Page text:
The Three Stages of Retirement

Elderly couple enjoying playing guitar

In his new book Retirement Heaven or Hell: Which Will You Choose?  Mike Drak describes what he calls “the three stages of retirement” and how to escape from the second stage: Retirement Hell.

According to Drak, the first stage, when we first retire, is the “Honeymoon Stage.” For retirees, we know how that looks and feels. It’s when the shackles of 25, 30 or more years of the daily grind are finally over. The world is your oyster. You can play golf, go to the movies in the middle of the afternoon, shop till you drop, or just sleep in. 

The second stage,” Retirement Hell,” is more complicated. It’s when the obvious fun and games part starts to wear thin. You’ve watched as much Netflix as is humanly possible. You’ve even attempted to develop new hobbies, like knitting or cooking. But hobbies aren’t all that fulfilling. You’re missing your work routine, your colleagues with whom you spent the last decades sharing stories and complaining about the job. You’re feeling bored and worse, you’re feeling lonesome.

Drak says that retirement hell can take many shapes, including:

  • After working long hours for so many years to take care of your family, now that you have the time, they don’t want to be near you.
  • Getting divorced late in life.
  • Living with someone you don’t like and who doesn’t like you, for the rest of your life.
  • Your TV is your best and only friend.
  • Living with regret.
  • Being forced to do work that you hate doing because you need the money.
  • Feeling that your world is shrinking each year because you’re living on a fixed income.
  • Having nightmares about your old job and how they threw you out, and not being able to move forward.
  • Not being able to sleep at night because you’re worried that you might live too long and run out of retirement savings.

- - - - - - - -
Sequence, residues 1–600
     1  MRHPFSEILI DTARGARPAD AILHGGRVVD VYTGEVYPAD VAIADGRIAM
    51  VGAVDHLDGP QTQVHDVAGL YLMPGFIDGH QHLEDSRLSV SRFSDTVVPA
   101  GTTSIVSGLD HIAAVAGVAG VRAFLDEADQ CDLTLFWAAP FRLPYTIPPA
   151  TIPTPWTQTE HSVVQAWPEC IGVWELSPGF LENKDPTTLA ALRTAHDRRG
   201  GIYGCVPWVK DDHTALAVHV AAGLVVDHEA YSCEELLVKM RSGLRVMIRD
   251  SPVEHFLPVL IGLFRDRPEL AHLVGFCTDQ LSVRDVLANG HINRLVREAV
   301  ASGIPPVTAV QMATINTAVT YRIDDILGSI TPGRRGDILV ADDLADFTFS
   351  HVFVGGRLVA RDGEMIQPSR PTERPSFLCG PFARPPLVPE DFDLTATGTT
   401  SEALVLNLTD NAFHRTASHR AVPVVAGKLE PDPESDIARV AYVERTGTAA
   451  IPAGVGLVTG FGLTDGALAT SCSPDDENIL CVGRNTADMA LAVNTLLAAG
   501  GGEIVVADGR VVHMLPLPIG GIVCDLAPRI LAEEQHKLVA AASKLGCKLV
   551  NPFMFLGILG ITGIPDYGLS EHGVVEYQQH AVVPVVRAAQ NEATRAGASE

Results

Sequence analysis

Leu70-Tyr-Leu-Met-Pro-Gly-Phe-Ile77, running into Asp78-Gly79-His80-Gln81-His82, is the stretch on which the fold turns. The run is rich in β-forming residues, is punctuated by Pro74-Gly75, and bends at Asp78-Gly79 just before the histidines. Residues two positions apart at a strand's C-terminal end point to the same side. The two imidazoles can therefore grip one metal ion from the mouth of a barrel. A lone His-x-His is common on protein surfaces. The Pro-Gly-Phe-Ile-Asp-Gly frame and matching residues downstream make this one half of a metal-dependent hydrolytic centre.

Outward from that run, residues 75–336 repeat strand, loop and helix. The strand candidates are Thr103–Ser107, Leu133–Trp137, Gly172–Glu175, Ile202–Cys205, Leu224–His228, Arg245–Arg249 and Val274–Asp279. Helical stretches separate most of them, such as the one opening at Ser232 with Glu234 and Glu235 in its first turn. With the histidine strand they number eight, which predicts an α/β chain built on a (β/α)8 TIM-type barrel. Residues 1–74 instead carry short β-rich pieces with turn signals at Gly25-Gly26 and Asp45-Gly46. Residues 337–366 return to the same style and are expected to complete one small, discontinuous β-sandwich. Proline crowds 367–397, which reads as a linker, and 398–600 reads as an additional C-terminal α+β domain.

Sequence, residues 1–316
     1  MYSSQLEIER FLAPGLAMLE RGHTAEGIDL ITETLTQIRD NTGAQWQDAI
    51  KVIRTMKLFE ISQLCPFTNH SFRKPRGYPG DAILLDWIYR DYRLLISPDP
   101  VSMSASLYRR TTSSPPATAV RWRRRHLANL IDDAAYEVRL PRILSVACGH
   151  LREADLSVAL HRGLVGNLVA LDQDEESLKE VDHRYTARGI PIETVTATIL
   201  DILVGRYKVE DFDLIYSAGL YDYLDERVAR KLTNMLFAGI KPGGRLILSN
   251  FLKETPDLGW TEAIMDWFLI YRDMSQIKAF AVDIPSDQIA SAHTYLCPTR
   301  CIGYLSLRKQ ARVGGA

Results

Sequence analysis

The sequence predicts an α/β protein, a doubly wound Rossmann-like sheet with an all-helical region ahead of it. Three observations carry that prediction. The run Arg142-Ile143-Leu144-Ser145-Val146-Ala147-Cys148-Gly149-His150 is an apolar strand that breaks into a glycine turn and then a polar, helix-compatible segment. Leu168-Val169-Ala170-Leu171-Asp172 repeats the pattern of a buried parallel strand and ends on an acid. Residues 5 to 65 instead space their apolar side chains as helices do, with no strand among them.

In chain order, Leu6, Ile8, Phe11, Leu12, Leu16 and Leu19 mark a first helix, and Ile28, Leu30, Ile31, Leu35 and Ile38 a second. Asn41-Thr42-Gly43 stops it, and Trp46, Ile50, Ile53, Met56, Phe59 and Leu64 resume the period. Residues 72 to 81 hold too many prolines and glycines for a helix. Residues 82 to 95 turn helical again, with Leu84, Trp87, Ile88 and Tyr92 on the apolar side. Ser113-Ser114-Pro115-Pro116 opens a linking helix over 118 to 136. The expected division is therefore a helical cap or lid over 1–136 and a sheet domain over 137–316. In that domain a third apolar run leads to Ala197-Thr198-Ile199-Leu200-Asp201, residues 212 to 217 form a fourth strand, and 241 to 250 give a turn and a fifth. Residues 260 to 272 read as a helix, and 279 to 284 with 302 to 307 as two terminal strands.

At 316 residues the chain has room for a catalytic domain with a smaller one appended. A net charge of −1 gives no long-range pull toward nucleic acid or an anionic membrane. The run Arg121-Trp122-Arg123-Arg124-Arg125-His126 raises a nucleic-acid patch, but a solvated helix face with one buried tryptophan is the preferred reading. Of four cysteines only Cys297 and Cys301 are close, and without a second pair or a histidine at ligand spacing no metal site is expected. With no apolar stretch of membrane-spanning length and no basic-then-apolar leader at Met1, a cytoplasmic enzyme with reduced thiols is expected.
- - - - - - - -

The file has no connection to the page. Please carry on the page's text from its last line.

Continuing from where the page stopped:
• Discovering that you have a debilitating illness and there is a cure for it, but you can’t afford to pay for it.
  • Not being physically able to get out of bed in the morning and do the things you want to spend the money on.

Drak’s advice is that you need a reason to get up in the morning. He also focuses on those he calls “Retirement Rebels” and “Adventurers:” the retirees who become adventurers and live outside their comfort zone, exploring, learning, and doing interesting and exciting things. That’s the sweet spot, which Drak terms “Escaping Retirement Hell. By becoming a Retirement Rebel, you have a chance to unleash your passion and creativity — parts of yourself that you may have kept bottled up inside for years.”

There are many good reasons to become a member of this third category, the retirement rebel or adventurer. Firstly, retirees are living longer than ever before. For a couple aged 65, there’s a 50 percent chance one of them will live past 90. Who wants to do nothing for thirty years?  

Secondly, the generation of new retirees, baby boomers, born between 1946 and 1965, accounts for more than one in two of the 6.8-million Canadians over the age of 65. From our youth during the 1960s and 1970s, we know there’s power in numbers. Today there is a multitude of causes to get behind, as we did years ago. I can’t think of a better reason than changing rigid and outdated attitudes toward ageing ——and that can include everything from ensuring superior care for elders living in long-term care facilities to agitating for ways to help retirees enjoy a safe, social and meaningful retirement.

Thirdly, there are excellent options to guard against cash flow issues. Inflation, even when it’s low, can still take a bite out of your budget. All you need to do is grocery shop, to learn how expensive food is. Taking the initiative to solidify your financial situation is one of the most critical actions retirees can take. For many older Canadians, debt is a fact of life. Dealing with debt in a smart, tax-efficient manner is a most practical solution to avoid retirement hell. 

For instance, HomeEquity Bank offers several flexible reverse mortgages that provide retirees with a sound method to increase their cash flow without forcing them to move from the home they love or the neighbourhood they know best. 

Another way to keep cash flow healthy is to work. I must admit that I love to work and I do it five days a week. For years, I taught journalism, and the minute I retired, I started writing, first for the Globe and Mail and now for this blog. I’ve also published two novels since retiring, The Cook’s Temptation and Last Night of the World. Becoming the writer I’ve always wanted to be, but couldn’t find the time for when I was working full time and raising my daughter on my own, is a constant joy.

To avoid retirement hell, make sure when you wake to get dressed and enjoy a healthy breakfast. It’s never been more critical than during this lengthy pandemic to make a plan for each day. I like to fill my “To-Do List” with an optimistic variety of tasks to accomplish. I’m not always successful, but I try.

Let’s remember that Joe Biden, at 78 years, is the oldest person to be inaugurated for the first time, as the President of the United States. Think about Joe when you’re bored, and I bet you’ll find the inspiration to avoid retirement hell.

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